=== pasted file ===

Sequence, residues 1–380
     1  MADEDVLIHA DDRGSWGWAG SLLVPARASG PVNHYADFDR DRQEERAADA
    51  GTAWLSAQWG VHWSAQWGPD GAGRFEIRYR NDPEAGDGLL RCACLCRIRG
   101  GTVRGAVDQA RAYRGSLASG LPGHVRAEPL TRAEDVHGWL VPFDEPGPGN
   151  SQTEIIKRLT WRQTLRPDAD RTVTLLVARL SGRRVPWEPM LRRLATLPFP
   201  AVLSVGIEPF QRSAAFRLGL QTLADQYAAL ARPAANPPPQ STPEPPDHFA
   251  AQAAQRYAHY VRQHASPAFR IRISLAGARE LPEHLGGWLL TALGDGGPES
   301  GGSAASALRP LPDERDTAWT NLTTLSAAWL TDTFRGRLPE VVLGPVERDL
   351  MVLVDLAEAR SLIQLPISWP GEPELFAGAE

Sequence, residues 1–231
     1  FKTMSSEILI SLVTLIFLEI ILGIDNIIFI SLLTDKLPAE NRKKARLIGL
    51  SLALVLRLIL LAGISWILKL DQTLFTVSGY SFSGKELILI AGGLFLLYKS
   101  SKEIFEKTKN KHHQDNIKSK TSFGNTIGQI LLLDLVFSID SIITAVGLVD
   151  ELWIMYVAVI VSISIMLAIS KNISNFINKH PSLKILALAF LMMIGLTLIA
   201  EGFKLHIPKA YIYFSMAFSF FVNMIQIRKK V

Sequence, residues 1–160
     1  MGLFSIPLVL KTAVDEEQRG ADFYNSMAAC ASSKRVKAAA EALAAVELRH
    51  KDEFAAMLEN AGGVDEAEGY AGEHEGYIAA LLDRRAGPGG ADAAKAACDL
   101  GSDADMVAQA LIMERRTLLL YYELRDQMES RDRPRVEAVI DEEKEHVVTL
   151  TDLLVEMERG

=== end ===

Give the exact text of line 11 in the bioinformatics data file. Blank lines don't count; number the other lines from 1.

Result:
     1  FKTMSSEILI SLVTLIFLEI ILGIDNIIFI SLLTDKLPAE NRKKARLIGL